.State of Grace

Talking coolness and collaboration with Grace Potter

music & nightlife |

REPACKED BAGS: Grace Potter left behind a promising solo opportunity to keep fronting the Nocturnals—and it’s paid off.

By Alan Sculley

Two years ago, it looked for all the world that Grace Potter’s band, the Nocturnals, might have reached the end of the line. After two studio albums, the group was on thin ice; the bassist had left, and Potter was about to record a solo album with respected producer T-Bone Burnett.

“I think like every band in the whole world, there’s that moment of truth, where you figure out whether you’re going to make pop music or if you’re going to remain in a comfortable ether of coolness,” Potter says in an interview, explaining the key problem within the group. “And I want to be cool, but I don’t care about being cool as much as I care about making a career out of this—a long, fruitful career.”

Hence, thanks to a reshuffling of members, Grace Potter and the Nocturnals are very much a band again. Potter’s solo album with Burnett is on hold while the group releases a stirring new self-titled album showcasing an identity, focus and confidence that didn’t exist during their first five years together.

“I think it all comes down to growing up,” says Potter, who sings and plays keyboards and guitars. “I don’t think we’ve hit our prime. I think we’re just finding it. It’s like we’ve been prepubescent this whole time in our musicality and our performance and our sexuality and our comfort onstage. This is like we’ve graduated college, and now it’s time for real life.”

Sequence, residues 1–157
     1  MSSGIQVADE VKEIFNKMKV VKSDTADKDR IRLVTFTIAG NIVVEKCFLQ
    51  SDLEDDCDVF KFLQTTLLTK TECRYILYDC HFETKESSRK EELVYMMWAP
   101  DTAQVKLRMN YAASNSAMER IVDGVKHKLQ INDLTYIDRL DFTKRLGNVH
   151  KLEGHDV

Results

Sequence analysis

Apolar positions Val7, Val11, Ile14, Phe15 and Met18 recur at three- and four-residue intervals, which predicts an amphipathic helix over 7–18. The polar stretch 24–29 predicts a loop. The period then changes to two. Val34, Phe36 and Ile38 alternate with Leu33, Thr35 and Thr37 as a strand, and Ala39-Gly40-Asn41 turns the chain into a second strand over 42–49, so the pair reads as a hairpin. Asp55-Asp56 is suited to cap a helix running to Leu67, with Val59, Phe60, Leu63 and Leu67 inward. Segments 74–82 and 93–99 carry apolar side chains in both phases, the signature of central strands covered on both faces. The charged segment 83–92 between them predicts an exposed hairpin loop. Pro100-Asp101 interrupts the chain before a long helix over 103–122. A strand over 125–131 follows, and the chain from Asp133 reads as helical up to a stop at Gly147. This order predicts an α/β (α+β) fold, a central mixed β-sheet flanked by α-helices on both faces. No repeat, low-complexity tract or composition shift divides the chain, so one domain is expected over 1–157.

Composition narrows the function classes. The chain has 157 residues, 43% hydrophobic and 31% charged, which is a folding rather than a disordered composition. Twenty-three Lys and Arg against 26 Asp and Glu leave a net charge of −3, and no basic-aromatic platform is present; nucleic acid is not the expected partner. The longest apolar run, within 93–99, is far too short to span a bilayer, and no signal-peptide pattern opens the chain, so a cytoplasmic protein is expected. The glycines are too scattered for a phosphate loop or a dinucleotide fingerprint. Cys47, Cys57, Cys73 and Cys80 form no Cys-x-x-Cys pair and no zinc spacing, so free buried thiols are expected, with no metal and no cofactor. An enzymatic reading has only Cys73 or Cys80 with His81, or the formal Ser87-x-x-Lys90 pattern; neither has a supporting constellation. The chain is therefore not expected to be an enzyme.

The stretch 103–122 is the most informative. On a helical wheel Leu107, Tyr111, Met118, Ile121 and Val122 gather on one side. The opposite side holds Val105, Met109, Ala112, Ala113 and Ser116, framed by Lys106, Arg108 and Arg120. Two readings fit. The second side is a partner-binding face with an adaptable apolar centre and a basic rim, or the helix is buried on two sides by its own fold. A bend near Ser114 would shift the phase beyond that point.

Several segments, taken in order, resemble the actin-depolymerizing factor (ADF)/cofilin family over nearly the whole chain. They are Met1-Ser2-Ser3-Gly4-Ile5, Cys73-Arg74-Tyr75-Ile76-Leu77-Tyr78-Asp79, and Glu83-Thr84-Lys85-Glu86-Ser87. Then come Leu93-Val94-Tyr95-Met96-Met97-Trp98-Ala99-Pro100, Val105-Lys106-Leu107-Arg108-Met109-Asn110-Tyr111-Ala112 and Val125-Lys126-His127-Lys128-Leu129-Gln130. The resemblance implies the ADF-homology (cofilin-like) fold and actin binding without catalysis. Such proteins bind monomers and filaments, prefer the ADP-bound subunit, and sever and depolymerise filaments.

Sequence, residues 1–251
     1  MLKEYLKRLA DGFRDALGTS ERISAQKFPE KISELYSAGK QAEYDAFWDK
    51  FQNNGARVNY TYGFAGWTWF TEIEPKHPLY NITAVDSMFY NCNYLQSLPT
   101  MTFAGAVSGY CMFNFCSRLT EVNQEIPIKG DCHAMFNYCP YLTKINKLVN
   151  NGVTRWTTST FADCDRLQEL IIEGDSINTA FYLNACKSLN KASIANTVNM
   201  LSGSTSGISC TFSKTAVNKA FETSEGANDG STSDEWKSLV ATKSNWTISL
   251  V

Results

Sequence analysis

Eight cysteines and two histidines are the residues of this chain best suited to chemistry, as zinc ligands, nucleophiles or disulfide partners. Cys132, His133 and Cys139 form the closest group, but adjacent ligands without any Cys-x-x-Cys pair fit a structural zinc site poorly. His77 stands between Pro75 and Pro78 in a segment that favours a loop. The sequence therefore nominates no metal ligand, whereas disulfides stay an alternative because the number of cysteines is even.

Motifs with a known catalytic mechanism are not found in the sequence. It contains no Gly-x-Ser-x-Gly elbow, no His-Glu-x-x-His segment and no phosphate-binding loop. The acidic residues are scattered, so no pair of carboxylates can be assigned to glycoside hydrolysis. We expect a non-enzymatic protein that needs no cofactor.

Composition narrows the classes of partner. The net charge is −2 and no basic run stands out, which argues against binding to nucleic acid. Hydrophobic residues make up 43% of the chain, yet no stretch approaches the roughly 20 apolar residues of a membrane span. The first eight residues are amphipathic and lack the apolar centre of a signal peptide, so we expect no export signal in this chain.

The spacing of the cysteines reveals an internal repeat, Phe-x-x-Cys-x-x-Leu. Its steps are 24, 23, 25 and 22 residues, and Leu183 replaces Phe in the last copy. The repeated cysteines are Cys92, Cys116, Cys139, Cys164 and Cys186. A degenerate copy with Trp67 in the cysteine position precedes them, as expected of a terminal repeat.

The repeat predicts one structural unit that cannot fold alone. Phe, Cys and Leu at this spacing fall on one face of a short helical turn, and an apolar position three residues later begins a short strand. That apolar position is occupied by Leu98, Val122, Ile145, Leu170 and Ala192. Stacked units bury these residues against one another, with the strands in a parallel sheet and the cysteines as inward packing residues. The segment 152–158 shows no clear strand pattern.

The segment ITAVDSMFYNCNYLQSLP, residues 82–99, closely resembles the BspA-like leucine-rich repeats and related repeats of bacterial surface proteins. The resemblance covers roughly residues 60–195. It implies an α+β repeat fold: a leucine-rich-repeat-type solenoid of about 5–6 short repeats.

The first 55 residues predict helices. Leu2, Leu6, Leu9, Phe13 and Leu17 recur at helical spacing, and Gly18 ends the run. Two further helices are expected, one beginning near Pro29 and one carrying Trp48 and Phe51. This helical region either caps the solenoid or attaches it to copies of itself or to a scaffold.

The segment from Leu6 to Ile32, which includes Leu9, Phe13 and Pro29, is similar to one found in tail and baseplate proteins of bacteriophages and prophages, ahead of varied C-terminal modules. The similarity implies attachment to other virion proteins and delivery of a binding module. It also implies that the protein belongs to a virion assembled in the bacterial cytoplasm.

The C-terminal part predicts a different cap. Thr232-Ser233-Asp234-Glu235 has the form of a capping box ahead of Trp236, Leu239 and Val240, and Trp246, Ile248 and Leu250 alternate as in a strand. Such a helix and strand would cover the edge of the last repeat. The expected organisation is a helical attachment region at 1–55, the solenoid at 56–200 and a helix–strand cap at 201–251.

Leaving an opportunity with multi-Grammy winner Burnett might seem odd, but, she says, “I wasn’t ready for that. Obviously, the temptation for a woman to go break off solo, if she’s got talent and she’s got a voice, is great. But I wanted the band. I wanted to remain true to what made me the way I am, what helped me make music and make it good.”

At the helm of Grace Potter and the Nocturnals is Mark Batson, who’s worked with such heavyweights of hip-hop as Eminem, Jay-Z and Dr. Dre. Baston co-wrote six of the album’s 13 songs with Potter and also fostered an atmosphere in the studio that helped the band to tap into its primal side.

“We just wanted the spirit, the vibe and the energy as if we were onstage,” Potter said. “So what Mark would do is he would bring in 10 to 20 girls and people into the booth, so it was like we were at a live show. Everyone he was bringing into the studio, we’re talking about poets, we’re talking about artists, actresses, actors, rappers, I mean, it was really a genre-bend and a mindfuck. But it was a great time for us to experience all of these different types of people.”

The energy of the sessions translates emphatically. On “Paris (Ooh-La-La),” “Hot Summer Night” and “Only Love,” Potter exudes sensuality, sass and passion, while the Fleetwood Maclike pop of “Tiny Light” and “Colors” makes for a rich, well-rounded album. And though the band has finally come into its own, Potter is even more excited about what lies ahead.

“I do have great hopes and aspirations for the future,” she said. “I think that’s the best thing we have going for us, [that] nothing is ever good enough. We’re constantly trying to make our music more profound, more important, more realistic and more fabulous. I think that that’s it. It’s really not ever taking ‘good enough’ for good enough.”

Grace Potter and the Nocturnals play a free all-ages show on Monday, Feb. 7, at the Hopmonk Tavern. 230 Petaluma Ave., Sebastopol. Noon. Free. 707.829.7300.


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